Whether Wimbledon or the Premier League, British sport could change fundamentally as a result of Brexit. But how sustainable will the already existing effects of leaving the EU be for athletes?
There is already a lot going on on the transfer market. Many football players from all over the world are transferred at the last minute, and the wealthy British clubs are also happy to get new staff on so-called “Deadline Day”. That alone creates a lot of media hype for Great Britain’s most successful sports marketing product, the Premier League.
But all of this will be overshadowed this year. Because the Brexit made the now ending winter transfer window the penultimate, in which players from the EU area can switch to the motherland of football without restrictions.
Important area, little clarity
As of 2018, the British government is assuming 581,000 jobs in the sports sector, of which around 21,000 are occupied by EU citizens (3.6 percent).The British sports umbrella organization “Sports and Recreatione Alliance”, which represents over 300 sports associations throughout the United Kingdom, is even assuming up to a million jobs. She estimates that British sport alone generates an annual turnover of 37 billion pounds sterling (44 billion euros). The betting sector is not taken into account directly, as fans and players can still use services like Ladbrokes Australia.
Dr. Borja Garcia, sports scientist at Loughborough University, believes Brexit will raise the barriers to entry for many EU citizens who want to work in sports. Many could be discouraged from even hiring on the island. Garcia believes that government funding for sport could instead concentrate more on the top segment, i.e. on the area in which the most prestige can be reaped.
Brexit souvenirs such as the traditional “tea towels” are on offer, and the now third edition of the 50 pence commemorative coin on the occasion of the long-awaited exit from the EU will soon be in circulation, but has a plan for how Britain’s sport should continue the Conservative government in London has not yet worked out. “There is no clarity. As far as I know, there are no rules specific to the sports industry,” explains Simon Chadwick, Professor of Sports Marketing at the University of Salford, Manchester.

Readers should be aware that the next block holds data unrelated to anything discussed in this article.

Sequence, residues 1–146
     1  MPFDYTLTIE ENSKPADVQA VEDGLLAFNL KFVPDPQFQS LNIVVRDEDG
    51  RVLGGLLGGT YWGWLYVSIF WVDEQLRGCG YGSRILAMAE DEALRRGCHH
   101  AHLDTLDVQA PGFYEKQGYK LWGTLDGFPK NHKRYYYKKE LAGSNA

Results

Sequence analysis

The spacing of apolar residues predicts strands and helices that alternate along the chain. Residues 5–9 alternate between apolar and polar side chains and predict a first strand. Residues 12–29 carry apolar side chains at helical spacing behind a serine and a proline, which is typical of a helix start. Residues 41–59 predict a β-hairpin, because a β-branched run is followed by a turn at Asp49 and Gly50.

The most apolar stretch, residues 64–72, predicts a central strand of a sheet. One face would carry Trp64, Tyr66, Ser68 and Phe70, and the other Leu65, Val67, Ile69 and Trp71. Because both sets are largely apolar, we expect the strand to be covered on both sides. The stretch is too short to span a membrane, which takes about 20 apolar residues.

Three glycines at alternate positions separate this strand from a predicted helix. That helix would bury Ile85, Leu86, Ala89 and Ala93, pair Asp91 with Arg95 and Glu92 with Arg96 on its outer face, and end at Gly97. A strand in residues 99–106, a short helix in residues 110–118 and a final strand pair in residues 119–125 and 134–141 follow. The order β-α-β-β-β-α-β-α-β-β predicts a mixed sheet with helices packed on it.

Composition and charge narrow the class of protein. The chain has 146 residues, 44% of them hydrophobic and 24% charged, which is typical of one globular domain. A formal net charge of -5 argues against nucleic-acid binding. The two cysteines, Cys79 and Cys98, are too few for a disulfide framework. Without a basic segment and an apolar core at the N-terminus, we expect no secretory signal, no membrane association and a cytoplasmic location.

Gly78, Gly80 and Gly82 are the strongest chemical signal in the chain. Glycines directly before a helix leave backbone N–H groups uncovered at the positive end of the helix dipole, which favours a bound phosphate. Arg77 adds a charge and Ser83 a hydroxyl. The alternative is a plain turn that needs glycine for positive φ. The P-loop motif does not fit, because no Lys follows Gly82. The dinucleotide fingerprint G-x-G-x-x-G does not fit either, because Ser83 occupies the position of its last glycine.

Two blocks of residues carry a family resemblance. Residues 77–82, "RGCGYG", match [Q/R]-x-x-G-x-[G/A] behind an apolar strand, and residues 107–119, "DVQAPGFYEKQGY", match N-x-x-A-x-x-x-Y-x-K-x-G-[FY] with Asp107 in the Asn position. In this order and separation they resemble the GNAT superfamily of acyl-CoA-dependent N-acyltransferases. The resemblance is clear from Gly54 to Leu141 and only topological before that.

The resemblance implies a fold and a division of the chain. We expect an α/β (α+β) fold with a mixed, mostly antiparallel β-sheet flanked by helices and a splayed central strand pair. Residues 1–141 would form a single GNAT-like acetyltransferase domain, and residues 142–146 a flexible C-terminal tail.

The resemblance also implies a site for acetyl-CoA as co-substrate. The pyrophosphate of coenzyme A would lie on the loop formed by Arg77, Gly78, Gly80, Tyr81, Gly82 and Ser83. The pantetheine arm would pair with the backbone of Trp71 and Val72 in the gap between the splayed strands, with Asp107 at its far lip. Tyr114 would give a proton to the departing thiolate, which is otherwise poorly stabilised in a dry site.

There is a gap between top and amateur sport
“I think that Brexit has no effect on the promotion of top-class sport, such as support for the Olympic Games,” says Garcia. “As we saw in London in 2012 and in Rio in 2016, medal successes are very useful and welcome as a soft show of force. The government apparently wants to portray the country as a new superpower, and further successes would add to this narrative.”
But the investments, according to Garcia, are not being made at the amateur and youth level. Due to the sale of school sports fields and cuts to local facilities in recent years, participation in sports has not increased as much as it was forecast before the 2012 Olympic Games. On the other hand, while the top English football clubs, at least in part, are in the money, this is certainly not the case at the lower levels, i.e. amateur and youth clubs. But the base is already being hit much harder than the top by the restrictions on the movement of people and goods.